By UNRWA – Damascus
As the Syria conflict and its impact on civilians continue to escalate, UNRWA is exerting all efforts to respond to the humanitarian needs of Palestine refugees.
Over the past several days, Syrians and the over 150,000 Palestine refugee resident in Yarmouk, a suburb of Damascus, have experienced particularly intense armed engagements involving the use of heavy weapons and aircraft. Credible reports point to civilian deaths, injuries and destruction of property in Yarmouk.
There are also waves of significant displacement as Yarmouk residents, including UNRWA staff and their families, scramble to seek safety as the armed conflict persists.
UNRWA is now housing over 2,600 displaced persons in its facilities and Damascus-area schools, and the number is growing rapidly. The Agency is working in coordination with humanitarian partners, including the Syrian Arab Red Crescent, United Nations agencies and the Danish Refugee Council to ensure that people in need have shelter, mattresses, blankets, food and other essential items.
Palestine refugees are also fleeing beyond Damascus. Although the scale and direction of this movement cannot be precisely determined, some have made their way to Lebanon. Initial reports indicate that well over 2,000 people have attempted or are attempting to enter Lebanon.
UNRWA remains gravely concerned about the safety of the Palestine refugee population in Syria and appeals to all parties to refrain from actions that endanger civilian lives and property. The Agency appreciates that the Government of Lebanon is allowing Palestine refugees from Syria to seek safety in Lebanon, and reiterates that refugees fleeing conflict must be accorded the safety and protection to which they are entitled under international law.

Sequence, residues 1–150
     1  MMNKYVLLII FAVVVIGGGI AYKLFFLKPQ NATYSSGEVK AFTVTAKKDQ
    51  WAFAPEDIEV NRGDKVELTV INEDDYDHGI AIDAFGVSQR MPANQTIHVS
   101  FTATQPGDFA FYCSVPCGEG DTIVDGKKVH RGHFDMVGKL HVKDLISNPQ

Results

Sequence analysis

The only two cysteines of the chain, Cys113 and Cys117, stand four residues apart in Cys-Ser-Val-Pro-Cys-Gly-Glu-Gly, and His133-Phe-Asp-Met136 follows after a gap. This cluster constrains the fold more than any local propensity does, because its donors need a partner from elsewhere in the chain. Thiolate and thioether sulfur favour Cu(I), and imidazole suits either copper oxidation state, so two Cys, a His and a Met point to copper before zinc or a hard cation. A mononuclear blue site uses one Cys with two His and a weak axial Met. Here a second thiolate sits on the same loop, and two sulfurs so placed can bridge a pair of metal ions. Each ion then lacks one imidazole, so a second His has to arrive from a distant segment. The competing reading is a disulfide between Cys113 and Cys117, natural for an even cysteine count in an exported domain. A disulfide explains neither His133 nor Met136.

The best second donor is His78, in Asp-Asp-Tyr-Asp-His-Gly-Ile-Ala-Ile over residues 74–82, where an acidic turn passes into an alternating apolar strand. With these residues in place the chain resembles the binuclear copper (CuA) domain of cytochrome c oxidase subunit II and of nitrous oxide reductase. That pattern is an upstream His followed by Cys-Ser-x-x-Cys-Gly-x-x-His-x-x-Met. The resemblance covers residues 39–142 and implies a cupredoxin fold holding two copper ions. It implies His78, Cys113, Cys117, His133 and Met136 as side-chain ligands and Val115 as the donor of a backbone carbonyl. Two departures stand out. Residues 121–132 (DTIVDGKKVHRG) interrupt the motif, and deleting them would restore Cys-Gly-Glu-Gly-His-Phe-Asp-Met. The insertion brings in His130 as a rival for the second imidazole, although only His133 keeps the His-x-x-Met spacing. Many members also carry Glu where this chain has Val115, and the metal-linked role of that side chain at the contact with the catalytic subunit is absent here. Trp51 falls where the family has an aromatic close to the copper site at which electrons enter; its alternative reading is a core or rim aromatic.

UNRWA is a United Nations agency established by the General Assembly in 1949 and is mandated to provide assistance and protection to a population of some 5 million registered Palestine refugees. Its mission is to help Palestine refugees in Jordan, Lebanon, Syria, West Bank and the Gaza Strip to achieve their full potential in human development, pending a just solution to their plight. UNRWA’s services encompass education, health care, relief and social services, camp infrastructure and improvement, and microfinance.
Financial support to UNRWA has not kept pace with an increased demand for services caused by growing numbers of registered refugees, expanding need, and deepening poverty. As a result, the Agency’s General Fund (GF), supporting UNRWA’s core activities and 97 per cent reliant on voluntary contributions, has begun each year with a large projected deficit.
UNRWA has condemned attacks on its staff and Palestine refugees in Syria and urges an end to all hostilities in the country.
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